Douglas Krantz - Technical Writer - Describing How It Works
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What is a 4 Wire Smoke Detector?

A 4 wire smoke detector works the same way a 2 wire smoke detector works, except it gets its operating power from a separate power source, rather than from the zone circuit.

A 4 Wire Smoke Detector is a conventional smoke detector with a current limiting resistor and a contact closure
Inside a 4 wire smoke detector is a standard conventional smoke detector, a current limiting resistor to keep the smoke detector from burning up when it goes into alarm, and relay contacts that close in alarm.


By Douglas Krantz

Even though it uses an internal protection resistor and internal alarm relay contacts, a 4 wire smoke detector is basically a 2 wire smoke detector; it detects smoke and sends an alarm using the Class A or B zone wiring of the fire alarm system.

Internal Resistor

The only purpose of this internal protection resistor is to limit the amount of current that the detector can use from the wires providing power to the detector. In essence, it keeps the detector from burning up.

But by protecting the smoke detector, the internal resistor does make it different from just a regular conventional smoke detector; the detector cannot short out the Class A or B zone wires properly and can't directly send an alarm signal to the Fire Alarm Control Panel (FACP).

Instead, it's the internal relay contacts of the smoke detector that send the alarm.

Zone Wiring

The alarm relay contacts of the 4 wire smoke detector are connected to the Class B or Class A zone wiring of the fire alarm system. When alarmed, just like a conventional heat detector, pull station, or waterflow switch, the relay contacts short out the zone wires.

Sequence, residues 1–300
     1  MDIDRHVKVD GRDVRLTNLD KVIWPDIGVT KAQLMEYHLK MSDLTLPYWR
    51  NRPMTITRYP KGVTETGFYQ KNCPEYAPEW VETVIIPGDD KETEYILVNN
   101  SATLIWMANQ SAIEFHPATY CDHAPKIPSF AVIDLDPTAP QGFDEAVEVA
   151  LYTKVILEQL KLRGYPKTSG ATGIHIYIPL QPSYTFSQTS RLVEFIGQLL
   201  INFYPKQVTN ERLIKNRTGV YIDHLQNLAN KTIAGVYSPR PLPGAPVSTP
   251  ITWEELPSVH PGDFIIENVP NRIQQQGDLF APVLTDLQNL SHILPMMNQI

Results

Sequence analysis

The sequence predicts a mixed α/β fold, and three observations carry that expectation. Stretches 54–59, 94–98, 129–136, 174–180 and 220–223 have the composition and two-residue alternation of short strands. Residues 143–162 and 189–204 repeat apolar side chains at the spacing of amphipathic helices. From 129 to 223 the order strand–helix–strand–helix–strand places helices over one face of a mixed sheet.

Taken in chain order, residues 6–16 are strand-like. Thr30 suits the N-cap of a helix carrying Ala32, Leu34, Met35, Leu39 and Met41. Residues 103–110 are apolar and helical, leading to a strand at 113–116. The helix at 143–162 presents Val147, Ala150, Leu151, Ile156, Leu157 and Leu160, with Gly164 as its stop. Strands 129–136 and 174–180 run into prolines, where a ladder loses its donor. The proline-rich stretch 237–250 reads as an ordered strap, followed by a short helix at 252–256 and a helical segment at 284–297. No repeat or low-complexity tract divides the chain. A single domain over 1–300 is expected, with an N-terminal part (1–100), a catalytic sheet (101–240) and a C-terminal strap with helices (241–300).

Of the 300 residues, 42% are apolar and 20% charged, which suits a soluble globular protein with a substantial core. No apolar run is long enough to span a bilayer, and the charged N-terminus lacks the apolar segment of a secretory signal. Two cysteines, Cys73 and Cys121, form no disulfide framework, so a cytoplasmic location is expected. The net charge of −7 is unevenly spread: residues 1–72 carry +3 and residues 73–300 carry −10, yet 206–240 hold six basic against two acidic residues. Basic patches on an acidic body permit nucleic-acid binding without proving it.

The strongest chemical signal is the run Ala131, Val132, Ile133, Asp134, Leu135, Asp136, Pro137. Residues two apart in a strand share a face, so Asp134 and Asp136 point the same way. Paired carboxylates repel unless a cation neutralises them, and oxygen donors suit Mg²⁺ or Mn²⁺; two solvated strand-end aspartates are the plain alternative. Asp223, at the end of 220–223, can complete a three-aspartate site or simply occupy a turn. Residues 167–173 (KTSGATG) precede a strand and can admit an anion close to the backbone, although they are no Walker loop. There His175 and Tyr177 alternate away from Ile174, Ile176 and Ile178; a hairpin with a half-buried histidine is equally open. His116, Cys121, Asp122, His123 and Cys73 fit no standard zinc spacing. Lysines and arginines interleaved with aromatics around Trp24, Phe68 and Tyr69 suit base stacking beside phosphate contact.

The zone wires, of course, are a standard conventional Class A or B wiring system complete with the Class A or B method of supervision of the wires, and no t-taps.

Power Wiring

Instead of connecting the normal detector power wires to the conventional Class A or B zone wires of the fire alarm system, the detector input wires are connected to a resettable 24 volt power source.

Many fire alarm panels provide this resettable power. To differentiate this power from the uninterruptible auxiliary 24 volt power supply, rather than just calling it an auxiliary power supply, the 24 volt power source is called the resettable power supply, the smoke power supply, the interruptible power supply, or something similar.

The detector power, through the internal resistor, has to be interruptible because this is how the detector is reset --- after the detector has gone into alarm, during the reset process, the 24 volt power to the detector is momentarily turned off and then on again. The detector then starts over and powers up normal.

24 Volt Class B Type Zone Power Wiring

The wiring for this 24 volt smoke power is similar to Class B zone wiring in that it is daisy-chained from detector to detector, doesn't have any t-taps, and using an end-of-line device like a relay or power monitor the wires themselves are supervised.

If a wire is broken, in order to send a trouble back to the FACP, the relay or power monitor loses its 24 volt power and then opens the wiring to the end-of-line resistor on the conventional Class B fire alarm zone.

Opening up the wire to the end-of-line resistor causes the panel to show trouble on the zone.

4 Wire Smoke Detector

For smoke detection, the 4 wire smoke detector is just about the same as a 2 wire smoke detector. The difference is that it has an internal resistor so it uses 24 volts to operate, and sends the alarm using relay contacts.
Based on his electronics training, and his understanding of Life Safety, Douglas Krantz has compiled his knowledge of Conventional Fire Alarm Systems into the book Make It Work - Conventional Fire Alarms. The book covers the basics of the Conventional Fire Alarm System, and shows how Life Safety and internal supervision affects the fire alarm system.

Douglas Krantz -- Fire Alarm Engineering Technician, Electronic Designer, Electronic Technician, Writer

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